Getting a new EHR is exciting. You can quickly get wrapped up in the bells and whistles of the new system. Before you get too deep in into the new – you need to consider the status of your legacy EHRs and how to safeguard both employee and patient data. It’s critical that you recognize your legacy EHR for the holy grail of personal data that it holds.
Here are a few reasons you need an archiving system for your legacy data.
Data Visibility in One Place
You might think that leaving data just where it sits, in multiple systems, is the easiest solution to legacy data. However, archiving all of these systems gives you the ability to put all patient or employee records in a single location. This simplifies access to the data. A single location also enables you to fill requests for reports and release of information quickly.
Of course, not all archiving systems are created equally. Consult with an industry expert to find a system that works for you and meets all of your needs.
It’s common for some facilities to have more than 20 legacy systems. A single EHR archive system eliminates individual costs for each system and gives you one location and one expense. You might be surprised to learn that most facilities see their return on investment in as quickly as 2 years.
Ease of Data Management
Having data silos can create unnecessary challenges when you need to sort and find information. Setting up and transitioning your legacy data to one system is the perfect time to clean and purge unneeded files, which may save you both money and headaches in the future.
Quick Data Discovery
You need to know where legacy documents such as text docs, spreadsheets, and other files are being housed. These documents can be critical to the daily operation of your organization, even if they don’t contain PHI. Having to search through five old systems to find necessary documents is both time-consuming and inefficient.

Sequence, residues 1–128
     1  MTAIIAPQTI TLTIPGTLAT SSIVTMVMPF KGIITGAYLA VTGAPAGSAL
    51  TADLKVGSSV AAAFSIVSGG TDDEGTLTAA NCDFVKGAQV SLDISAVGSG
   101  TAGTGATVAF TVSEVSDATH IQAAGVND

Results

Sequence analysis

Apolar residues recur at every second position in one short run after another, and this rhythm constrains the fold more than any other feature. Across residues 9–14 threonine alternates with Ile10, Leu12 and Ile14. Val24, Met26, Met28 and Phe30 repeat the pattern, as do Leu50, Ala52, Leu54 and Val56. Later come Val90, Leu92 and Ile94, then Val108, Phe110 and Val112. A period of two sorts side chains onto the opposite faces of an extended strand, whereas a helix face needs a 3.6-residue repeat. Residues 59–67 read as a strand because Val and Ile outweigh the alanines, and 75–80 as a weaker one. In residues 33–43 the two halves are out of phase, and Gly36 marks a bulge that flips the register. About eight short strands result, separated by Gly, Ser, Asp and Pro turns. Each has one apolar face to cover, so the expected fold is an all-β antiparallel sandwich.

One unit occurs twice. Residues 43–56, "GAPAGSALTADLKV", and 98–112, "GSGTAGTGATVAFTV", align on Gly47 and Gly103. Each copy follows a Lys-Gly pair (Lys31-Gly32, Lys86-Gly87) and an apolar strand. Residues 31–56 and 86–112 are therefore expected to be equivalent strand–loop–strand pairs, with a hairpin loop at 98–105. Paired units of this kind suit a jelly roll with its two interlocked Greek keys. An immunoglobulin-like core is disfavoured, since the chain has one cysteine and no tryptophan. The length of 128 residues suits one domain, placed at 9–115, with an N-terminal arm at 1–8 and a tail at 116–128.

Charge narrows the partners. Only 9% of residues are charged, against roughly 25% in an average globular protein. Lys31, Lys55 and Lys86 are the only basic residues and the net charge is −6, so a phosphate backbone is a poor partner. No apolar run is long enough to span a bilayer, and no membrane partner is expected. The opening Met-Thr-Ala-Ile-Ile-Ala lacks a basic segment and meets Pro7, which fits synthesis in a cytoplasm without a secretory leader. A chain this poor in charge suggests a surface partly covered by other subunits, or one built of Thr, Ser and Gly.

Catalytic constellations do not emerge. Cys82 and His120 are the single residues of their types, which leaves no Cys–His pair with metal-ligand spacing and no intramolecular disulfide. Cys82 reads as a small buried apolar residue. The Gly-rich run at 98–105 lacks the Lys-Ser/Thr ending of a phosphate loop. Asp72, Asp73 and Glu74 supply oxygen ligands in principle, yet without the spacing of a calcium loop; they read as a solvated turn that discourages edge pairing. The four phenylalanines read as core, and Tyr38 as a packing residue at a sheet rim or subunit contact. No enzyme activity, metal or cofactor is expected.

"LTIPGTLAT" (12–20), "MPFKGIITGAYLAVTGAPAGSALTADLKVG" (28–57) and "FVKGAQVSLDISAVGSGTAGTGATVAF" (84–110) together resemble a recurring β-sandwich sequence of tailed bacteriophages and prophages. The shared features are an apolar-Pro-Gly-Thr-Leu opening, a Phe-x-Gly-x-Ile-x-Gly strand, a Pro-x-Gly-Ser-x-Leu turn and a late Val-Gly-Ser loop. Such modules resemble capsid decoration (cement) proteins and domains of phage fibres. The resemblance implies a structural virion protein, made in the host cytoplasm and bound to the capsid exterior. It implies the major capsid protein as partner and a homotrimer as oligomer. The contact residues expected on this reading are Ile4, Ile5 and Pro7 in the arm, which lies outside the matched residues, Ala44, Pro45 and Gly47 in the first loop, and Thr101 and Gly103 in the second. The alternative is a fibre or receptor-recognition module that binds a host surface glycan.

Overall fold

Minimize the Risk of Breach
Multiple systems increase the risk of security breaches, especially if they are old systems running on old unsupported operating systems and hardware. Human error is the usual culprit when it comes to small security breaches. More substantial breaches typically happen because of hacking. No matter how or why the violation occurs, it’s been proven that having more than one system to maintain increases your risk.
Meet Record Retention Requirements
You might be required to keep records for as little as seven years or even into perpetuity, depending upon the state. Securing documents far into the future can be challenging because already old platforms will continue to age. Operating systems corrupt and servers degrade over time leading to at-risk security. All of these moving pieces can make record storage requirements difficult, and place you at risk of state and federal fines.
Planning for an archiving system isn’t nearly as exciting as preparing for your new EHR. However, creating a single, robust archival system now can save you time, energy, and headaches for years to come.